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7. How can I get a copy of a police report or accident report that I filed?
All requests for copies of police reports must be made in writing.  A request for information release must be completed and submitted.  If it is determined that you are entitled to a copy of the data requested, the data will be collected and prepared for release.  There is an administrative fee for the release of data.  The fees for data release are as follows:
Reports Fees
General Reports $0.25 per page
Accident Reports $0.25 per page
Photos/Statements $1.00/disk and $0.25/image
Driver's License None for Buffalo Residents
Special Rate Occasionally a person will ask for an extensive amount of data that may take a significant amount of time to collect.  When these instances occur, we charge a staff-rate of $25.00 per hour to collect this data.

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8. Some of my property was stolen and has been recovered by the police, how do I get it back?
Items of stolen property are generally considered evidence and are stored in a secure area within the police department.  Only certain individuals within the police department are authorized to enter the secure area to obtain the property to return to be returned.  Once the case has been completed, these items can usually be returned to the owner.  In some cases, property can actually be returned to the owner prior to the criminal case being resolved.  To get your property returned, call the police department and ask to speak with the officer assigned to your case.  The officer will initiate the paperwork with our Property Technician to  make arrangements for the return of your property.  An appointment is necessary with the Property Technician in order for property return.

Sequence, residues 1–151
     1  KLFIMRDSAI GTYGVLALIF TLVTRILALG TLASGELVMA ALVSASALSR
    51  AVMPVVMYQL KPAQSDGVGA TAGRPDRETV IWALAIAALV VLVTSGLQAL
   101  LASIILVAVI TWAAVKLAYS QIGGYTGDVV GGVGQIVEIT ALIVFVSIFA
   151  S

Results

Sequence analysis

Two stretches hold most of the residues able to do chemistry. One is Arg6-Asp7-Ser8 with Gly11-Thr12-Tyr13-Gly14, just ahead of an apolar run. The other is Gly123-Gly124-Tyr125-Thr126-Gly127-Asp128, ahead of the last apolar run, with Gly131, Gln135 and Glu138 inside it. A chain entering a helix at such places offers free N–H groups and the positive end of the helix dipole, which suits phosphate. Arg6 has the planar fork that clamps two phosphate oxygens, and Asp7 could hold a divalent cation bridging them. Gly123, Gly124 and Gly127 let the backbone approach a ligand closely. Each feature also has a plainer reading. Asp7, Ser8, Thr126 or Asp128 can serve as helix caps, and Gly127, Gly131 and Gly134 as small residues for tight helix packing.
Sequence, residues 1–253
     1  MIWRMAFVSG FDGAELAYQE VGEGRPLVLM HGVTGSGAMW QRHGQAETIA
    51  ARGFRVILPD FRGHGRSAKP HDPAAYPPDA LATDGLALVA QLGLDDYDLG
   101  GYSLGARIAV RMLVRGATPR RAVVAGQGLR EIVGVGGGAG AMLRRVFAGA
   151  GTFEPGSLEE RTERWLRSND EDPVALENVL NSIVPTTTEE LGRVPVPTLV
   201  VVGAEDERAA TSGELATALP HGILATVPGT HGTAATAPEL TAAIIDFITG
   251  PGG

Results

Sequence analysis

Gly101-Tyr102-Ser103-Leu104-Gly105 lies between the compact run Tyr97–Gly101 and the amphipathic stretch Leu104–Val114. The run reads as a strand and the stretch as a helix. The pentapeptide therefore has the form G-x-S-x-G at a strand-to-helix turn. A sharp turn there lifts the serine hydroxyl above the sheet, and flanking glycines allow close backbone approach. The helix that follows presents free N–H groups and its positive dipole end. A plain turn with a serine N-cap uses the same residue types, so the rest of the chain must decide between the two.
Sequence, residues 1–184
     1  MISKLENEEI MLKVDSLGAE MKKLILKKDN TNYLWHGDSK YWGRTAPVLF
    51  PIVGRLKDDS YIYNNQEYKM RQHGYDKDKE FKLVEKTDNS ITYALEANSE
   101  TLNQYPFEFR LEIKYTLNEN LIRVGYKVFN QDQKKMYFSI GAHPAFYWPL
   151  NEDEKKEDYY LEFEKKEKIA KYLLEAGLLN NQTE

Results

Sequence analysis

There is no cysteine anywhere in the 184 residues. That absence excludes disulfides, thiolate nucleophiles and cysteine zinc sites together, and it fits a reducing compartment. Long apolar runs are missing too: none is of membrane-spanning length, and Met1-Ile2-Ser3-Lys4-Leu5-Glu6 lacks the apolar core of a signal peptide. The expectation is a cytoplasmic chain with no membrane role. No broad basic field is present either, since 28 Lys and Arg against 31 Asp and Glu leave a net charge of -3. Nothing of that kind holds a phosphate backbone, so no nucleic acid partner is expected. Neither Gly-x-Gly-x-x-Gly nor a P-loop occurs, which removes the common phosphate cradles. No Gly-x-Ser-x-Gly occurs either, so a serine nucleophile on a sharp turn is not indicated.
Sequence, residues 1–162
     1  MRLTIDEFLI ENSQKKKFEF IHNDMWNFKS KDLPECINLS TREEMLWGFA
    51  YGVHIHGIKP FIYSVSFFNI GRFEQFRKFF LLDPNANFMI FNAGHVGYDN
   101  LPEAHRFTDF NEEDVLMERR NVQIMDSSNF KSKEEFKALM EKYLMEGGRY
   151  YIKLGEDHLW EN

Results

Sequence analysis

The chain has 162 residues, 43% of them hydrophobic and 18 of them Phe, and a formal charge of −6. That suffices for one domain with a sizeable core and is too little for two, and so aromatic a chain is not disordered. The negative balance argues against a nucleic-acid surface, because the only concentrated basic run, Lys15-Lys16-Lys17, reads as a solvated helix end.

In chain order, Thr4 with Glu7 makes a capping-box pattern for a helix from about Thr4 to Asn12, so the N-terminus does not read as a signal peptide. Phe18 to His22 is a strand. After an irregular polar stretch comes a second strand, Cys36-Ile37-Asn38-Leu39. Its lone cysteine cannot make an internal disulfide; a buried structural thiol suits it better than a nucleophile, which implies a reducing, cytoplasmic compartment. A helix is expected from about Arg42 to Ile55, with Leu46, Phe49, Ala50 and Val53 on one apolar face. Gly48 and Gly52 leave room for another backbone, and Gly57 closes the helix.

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9. My car was impounded, what do I have to do to get it back?
The Buffalo Police Department contracts with Junction Towing (763-682-2033).  If your vehicle is not being held as evidence, or for some other reason, you should be able to have it released by contacting the towing company directly.  If the towing company tells you that your car is subject to a hold, you will need to contact the police department to obtain a release form.  You may come directly to the Buffalo Police Department, or if it is outside of our normal business hours, you can contact Wright County Sheriff’s Communication at 763-682-7600 and request that a Buffalo Police Officer meet you at the police department.             

If your vehicle was towed from private property, it is most likely that the police department did not order the impounding.  If the police department was not involved in the towing of your vehicle, you will need to deal directly with the towing agency.  

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10. Who do I call if I have information about a crime?
Any time that you have information about a crime, you can call and speak to an officer of the Buffalo Police Department.  In some cases, you may even be eligible for a cash reward.  Unless the crime is in progress or it is an emergency, the best way to contact an officer is to call our office at (763) 682-5976 during regular business hours, or Wright County Sheriff’s Communication at (763) 682-7600.  

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11. If I have information about a crime, can I report it to the police and still stay anonymous?
If you are a witness to a crime, you can always ask to remain a confidential anonymous source.  Data privacy laws in Minnesota do allow for the identity of a witness to remain confidential.  However, if the case goes to court, it is often necessary for witnesses to testify, and remaining confidential may not be possible.